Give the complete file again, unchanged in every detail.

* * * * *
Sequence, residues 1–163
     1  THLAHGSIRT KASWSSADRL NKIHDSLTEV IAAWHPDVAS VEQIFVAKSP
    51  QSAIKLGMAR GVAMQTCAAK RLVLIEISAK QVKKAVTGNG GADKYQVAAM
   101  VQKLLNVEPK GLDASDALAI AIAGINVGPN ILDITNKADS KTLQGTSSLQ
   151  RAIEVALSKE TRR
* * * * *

Sequence, residues 1–163
     1  THLAHGSIRT KASWSSADRL NKIHDSLTEV IAAWHPDVAS VEQIFVAKSP
    51  QSAIKLGMAR GVAMQTCAAK RLVLIEISAK QVKKAVTGNG GADKYQVAAM
   101  VQKLLNVEPK GLDASDALAI AIAGINVGPN ILDITNKADS KTLQGTSSLQ
   151  RAIEVALSKE TRR